Iraqi Leader Tries To Mend Relationship With Turkey

March 8th, 2008  
Team Infidel

Topic: Iraqi Leader Tries To Mend Relationship With Turkey

New York Times
March 8, 2008
Pg. 6
By Sabrina Tavernise
ISTANBUL — The president of Iraq, Jalal Talabani, visited Turkey on Friday as part of a joint effort to mend relations strained by a Turkish ground offensive against Kurdish militants in northern Iraq.
The visit, Mr. Talabani’s first since he became president of Iraq in 2005, came just a week after Turkey concluded the offensive against the militants, the Kurdistan Workers’ Party, or P.K.K. It seemed to signal a new willingness by Turkey to talk to Iraqi Kurds, who had previously been shut out because of Turkish suspicions that Iraq’s semiautonomous Kurdish region had allowed the militant group to operate unhindered there.
Mr. Talabani, who is a Kurd, took pains to allay those fears, after his meeting with President Abdullah Gul of Turkey, in Ankara, the capital.
“The Kurdish administration pressured the P.K.K. groups in the region to lay down arms or to leave the country,” he said in televised remarks. “We told them that we could not tolerate any terrorist acts against one of the friendliest neighboring countries.”
Turkey has been suspicious of Iraqi Kurd efforts at formalizing their enclave in northern Iraq, and has refused to hold talks with Kurdish leaders there, namely Massoud Barzani, the regional president. Instead, Turkey has dealt with Iraq’s central government in Baghdad, which has limited control over the northern areas where the militants hide.
While Turkey’s previous president, Ahmed Necdet Sezer, refused to invite Mr. Talabani to visit on the grounds that he had not done enough to stop the militants, Mr. Gul expressed his intention to invite Mr. Talabani after becoming president last year.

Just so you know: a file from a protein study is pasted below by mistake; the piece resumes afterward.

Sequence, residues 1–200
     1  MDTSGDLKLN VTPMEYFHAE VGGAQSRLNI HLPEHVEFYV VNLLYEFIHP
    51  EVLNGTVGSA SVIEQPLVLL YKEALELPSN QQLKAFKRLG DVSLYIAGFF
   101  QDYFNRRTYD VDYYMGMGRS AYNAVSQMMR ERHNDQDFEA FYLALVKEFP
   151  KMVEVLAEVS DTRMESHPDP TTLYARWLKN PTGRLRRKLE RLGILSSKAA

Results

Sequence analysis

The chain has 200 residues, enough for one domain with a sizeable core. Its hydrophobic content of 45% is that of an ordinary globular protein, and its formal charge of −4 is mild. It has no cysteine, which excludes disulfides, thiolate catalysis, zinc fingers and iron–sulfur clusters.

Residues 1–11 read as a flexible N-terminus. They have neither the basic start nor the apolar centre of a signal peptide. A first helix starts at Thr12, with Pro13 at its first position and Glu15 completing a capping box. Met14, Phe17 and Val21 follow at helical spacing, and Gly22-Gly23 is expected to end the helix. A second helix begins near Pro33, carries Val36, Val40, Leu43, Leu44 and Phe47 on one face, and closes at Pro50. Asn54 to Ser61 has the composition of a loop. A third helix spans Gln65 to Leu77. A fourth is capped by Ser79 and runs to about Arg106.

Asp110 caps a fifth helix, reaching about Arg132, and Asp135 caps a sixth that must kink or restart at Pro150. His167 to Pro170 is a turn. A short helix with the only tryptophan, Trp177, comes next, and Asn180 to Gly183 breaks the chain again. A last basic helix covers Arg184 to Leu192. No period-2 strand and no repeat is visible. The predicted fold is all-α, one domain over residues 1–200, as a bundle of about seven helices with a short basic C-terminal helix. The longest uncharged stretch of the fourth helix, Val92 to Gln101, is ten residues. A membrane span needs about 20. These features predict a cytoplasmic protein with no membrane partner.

“Iraqi people know the pain of terrorism the best,” Mr. Gul said. “Therefore, I believe that they would understand our struggle against terrorism and the P.K.K.”
“I consider this visit an important one in that respect and I believe it’s going to bring about permanent results for Iraqi and Turkish people,” he added.
Mr. Talabani was to meet with Prime Minister Recep Tayyip Erdogan on Saturday, but had no scheduled meetings with military officials.
Also on Friday, a Turkish court upheld a previous ruling that acquitted a religious leader, Fetullah Gulen, of charges of trying to establish Islamic law in Turkey, Turkish NTV television reported. The ruling, by Turkey’s Court of Appeals, cleared the way for Mr. Gulen, 69, to return to Turkey from the United States, where he has lived in exile for at least eight years.
He is a reclusive preacher who has spent much of his life establishing schools, universities and education networks first in Turkey and then in other countries, including the United States. He has rarely given interviews in recent years, but is a prolific writer. His religious movement owns newspapers, television networks, a bank and a publishing house.
Mr. Gulen, who has been living in Pennsylvania, combines Sufi religious philosophy with modern science, offering a blend of Islamic tradition and secular modernism in the hundreds of schools that his followers have built.
Sebnem Arsu contributed reporting.

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